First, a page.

“If your parents do a lot of online banking, ask them to list all the accounts, log-ins, passwords, and security questions and answers,” says Valerie Rind, author of the award-winning book Gold Diggers and Deadbeat Dads.
“You’ll also want to know how they pay their bills. For example, if their home mortgage is automatically deducted from a checking account, you’ll need to make sure that account is consistently funded. You don’t want the mortgage to go into default because no one knew who the mortgage company was or how the payments were made.”
Make sure that every once in a while, your parents go over these documents with the person that would take care of their financial issues. This way, nothing is a surprise if the person needs to step in and take temporary control.
4. Reverse Mortgage
Once your parents retire, they may not have much income anymore. One way to generate some additional income is a reverse mortgage. Unfortunately, most reverse mortgages aren’t a great deal. Plus, they can be extremely complicated. In general, a person should try to avoid these unless their home is their only major asset. Even then, carefully consider all other options before taking out a reverse mortgage. One wrong step could result in losing their home.
5. Life Insurance
Life insurance is another important financial consideration. If your parents are retired and they have sufficient assets to cover anyone who depends on them after they pass, they may not need life insurance.
However, if your parents don’t have enough money to cover their final expenses after they pass or to cover the needs of those that depend on them, a term life insurance policy could make life much easier for those responsible for taking care of their final wishes and dependents.
Sadly, life insurance gets more expensive as people get older. As such, it may become unaffordable, if a person can get it at all.
Whole life insurance may be offered, but people should strongly consider if simply saving or investing the premiums would put them in a better place than paying for a whole life insurance policy.
6. Health Insurance
To make life easier for those who will take care of your parents, have a list of the health insurance policies they currently have. You should also provide the document that states what they’re financially responsible for. Figuring out medical bills is always a major headache. Having this information easily available will make things a little easier to figure out.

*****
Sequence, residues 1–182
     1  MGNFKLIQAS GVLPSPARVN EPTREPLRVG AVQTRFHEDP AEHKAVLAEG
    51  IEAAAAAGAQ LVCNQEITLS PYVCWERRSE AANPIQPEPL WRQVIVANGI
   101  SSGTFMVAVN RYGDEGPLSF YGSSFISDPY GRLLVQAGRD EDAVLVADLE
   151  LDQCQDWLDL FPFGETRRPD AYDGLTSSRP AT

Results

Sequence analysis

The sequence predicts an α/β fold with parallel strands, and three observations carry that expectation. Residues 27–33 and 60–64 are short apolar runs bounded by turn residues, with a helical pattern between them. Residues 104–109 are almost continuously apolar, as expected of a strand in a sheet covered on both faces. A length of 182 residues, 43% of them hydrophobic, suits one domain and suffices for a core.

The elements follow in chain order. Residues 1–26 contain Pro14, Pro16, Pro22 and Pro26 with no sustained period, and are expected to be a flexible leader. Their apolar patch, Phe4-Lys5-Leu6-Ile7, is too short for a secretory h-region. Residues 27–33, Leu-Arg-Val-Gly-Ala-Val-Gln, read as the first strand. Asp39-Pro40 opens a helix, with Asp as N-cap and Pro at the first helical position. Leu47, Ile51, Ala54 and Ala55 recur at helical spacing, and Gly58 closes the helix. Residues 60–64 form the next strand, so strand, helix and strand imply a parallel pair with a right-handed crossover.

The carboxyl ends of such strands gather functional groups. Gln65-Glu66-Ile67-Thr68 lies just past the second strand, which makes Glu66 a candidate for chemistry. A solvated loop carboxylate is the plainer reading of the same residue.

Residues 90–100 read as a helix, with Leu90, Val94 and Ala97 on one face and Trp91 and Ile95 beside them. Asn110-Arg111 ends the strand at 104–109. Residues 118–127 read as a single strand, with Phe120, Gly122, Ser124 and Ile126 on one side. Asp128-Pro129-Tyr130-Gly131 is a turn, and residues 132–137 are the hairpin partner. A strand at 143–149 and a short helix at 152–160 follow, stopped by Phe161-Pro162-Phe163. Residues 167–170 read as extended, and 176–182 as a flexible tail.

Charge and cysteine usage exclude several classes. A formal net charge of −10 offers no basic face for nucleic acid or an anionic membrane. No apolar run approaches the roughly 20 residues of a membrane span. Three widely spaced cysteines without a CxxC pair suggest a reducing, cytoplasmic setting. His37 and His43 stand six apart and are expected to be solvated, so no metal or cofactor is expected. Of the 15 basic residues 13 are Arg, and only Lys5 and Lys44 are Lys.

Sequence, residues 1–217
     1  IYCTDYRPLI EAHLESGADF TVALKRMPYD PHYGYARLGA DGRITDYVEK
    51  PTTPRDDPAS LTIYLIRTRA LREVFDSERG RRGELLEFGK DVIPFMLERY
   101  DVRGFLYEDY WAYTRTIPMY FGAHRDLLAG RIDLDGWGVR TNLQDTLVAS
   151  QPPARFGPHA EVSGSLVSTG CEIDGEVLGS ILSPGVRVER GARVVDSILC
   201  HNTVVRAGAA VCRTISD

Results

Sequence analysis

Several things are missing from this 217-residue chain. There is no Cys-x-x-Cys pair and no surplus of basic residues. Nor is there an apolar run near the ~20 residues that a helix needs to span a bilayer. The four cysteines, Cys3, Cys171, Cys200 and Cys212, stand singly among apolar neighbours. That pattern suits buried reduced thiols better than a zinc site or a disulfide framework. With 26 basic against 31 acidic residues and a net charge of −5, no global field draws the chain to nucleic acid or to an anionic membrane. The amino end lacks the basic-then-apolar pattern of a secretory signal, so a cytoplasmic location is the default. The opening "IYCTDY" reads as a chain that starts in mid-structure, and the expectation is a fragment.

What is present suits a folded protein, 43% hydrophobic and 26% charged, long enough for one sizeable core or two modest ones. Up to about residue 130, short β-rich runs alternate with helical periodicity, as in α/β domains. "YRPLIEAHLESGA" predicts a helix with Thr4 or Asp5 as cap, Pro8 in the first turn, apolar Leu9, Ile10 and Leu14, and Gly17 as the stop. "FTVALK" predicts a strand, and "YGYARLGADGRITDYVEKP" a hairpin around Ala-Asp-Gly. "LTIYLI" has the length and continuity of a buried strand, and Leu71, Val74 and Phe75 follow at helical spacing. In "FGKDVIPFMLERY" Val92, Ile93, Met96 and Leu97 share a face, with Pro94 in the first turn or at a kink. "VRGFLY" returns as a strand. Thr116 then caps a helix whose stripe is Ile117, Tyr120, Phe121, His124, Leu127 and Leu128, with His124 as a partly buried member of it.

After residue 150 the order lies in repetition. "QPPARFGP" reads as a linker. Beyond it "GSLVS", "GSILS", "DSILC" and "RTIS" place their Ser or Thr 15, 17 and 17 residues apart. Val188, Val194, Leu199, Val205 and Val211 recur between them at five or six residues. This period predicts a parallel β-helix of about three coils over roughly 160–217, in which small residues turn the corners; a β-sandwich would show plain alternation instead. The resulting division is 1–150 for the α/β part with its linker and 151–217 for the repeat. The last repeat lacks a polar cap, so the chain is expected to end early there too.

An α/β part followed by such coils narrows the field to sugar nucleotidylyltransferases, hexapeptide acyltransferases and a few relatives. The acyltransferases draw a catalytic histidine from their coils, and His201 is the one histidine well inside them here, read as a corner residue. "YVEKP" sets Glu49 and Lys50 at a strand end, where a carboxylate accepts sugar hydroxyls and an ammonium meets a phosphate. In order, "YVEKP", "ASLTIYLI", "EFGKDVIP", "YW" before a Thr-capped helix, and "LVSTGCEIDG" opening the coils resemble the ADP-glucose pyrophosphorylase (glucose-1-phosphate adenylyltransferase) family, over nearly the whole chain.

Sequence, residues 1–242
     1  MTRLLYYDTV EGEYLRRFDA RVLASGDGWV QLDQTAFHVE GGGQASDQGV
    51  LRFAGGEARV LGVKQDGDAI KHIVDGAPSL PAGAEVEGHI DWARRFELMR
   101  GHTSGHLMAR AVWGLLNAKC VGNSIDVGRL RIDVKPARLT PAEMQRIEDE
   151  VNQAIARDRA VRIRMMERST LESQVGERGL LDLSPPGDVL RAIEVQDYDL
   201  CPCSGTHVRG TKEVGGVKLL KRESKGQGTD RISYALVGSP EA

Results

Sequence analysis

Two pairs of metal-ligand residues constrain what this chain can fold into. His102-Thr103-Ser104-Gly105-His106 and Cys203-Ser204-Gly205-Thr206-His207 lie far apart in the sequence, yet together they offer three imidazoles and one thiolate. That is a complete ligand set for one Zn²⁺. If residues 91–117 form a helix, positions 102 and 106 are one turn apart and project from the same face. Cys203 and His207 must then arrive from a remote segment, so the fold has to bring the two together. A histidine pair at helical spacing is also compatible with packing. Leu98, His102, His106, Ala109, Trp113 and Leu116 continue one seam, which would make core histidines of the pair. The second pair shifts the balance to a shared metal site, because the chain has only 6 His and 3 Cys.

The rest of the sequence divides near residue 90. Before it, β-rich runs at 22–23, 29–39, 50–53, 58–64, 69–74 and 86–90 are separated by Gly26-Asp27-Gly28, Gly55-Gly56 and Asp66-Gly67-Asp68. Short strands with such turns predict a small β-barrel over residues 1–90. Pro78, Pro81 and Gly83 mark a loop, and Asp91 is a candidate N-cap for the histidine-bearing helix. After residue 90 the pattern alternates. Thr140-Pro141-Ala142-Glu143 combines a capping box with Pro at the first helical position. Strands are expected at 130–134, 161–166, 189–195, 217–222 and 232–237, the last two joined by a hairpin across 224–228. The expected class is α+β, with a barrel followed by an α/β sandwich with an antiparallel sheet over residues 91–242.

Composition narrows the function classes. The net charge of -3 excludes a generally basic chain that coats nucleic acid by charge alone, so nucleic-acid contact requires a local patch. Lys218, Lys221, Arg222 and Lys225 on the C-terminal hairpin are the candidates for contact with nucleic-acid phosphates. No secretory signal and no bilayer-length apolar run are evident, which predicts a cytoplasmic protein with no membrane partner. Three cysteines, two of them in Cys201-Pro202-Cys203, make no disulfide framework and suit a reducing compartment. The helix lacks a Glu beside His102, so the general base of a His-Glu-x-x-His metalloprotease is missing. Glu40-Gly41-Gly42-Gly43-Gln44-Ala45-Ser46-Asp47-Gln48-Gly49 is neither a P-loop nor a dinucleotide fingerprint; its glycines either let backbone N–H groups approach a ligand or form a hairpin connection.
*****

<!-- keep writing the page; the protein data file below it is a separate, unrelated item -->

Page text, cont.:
7. A Will and a Trust
A will and a trust are two more end-of-life documents your parents should consider having in place.
A will essentially allows a person to share how they want their assets distributed after their death. It allows a person to share who they want to have custody of their minor children, too. While wills usually work fine, a judge may have to make decisions about the will if it is contested. Additionally, certain assets may need to go through probate.
A trust, on the other hand, gives more control over how assets are distributed. That said, they’re more complicated and can be costly to set up. Assets need to be titled in the name of the trust, and a successor trustee must be named to manage the trust once a person passes away.
Trusts can avoid the probate process if things are set up correctly. They can also allow a person to set up more complicated distribution requirements. For example, you could distribute financial assets over a number of years rather than all at once upon death.
The Bottom Line on End-of-Life Documents
Setting up systems and documents to help caregivers manage a person’s day-to-day life will make the caregiver’s job much easier. While the task may seem overwhelming, it’s important to make sure things run smoothly if you or your parents end up temporarily incapacitated.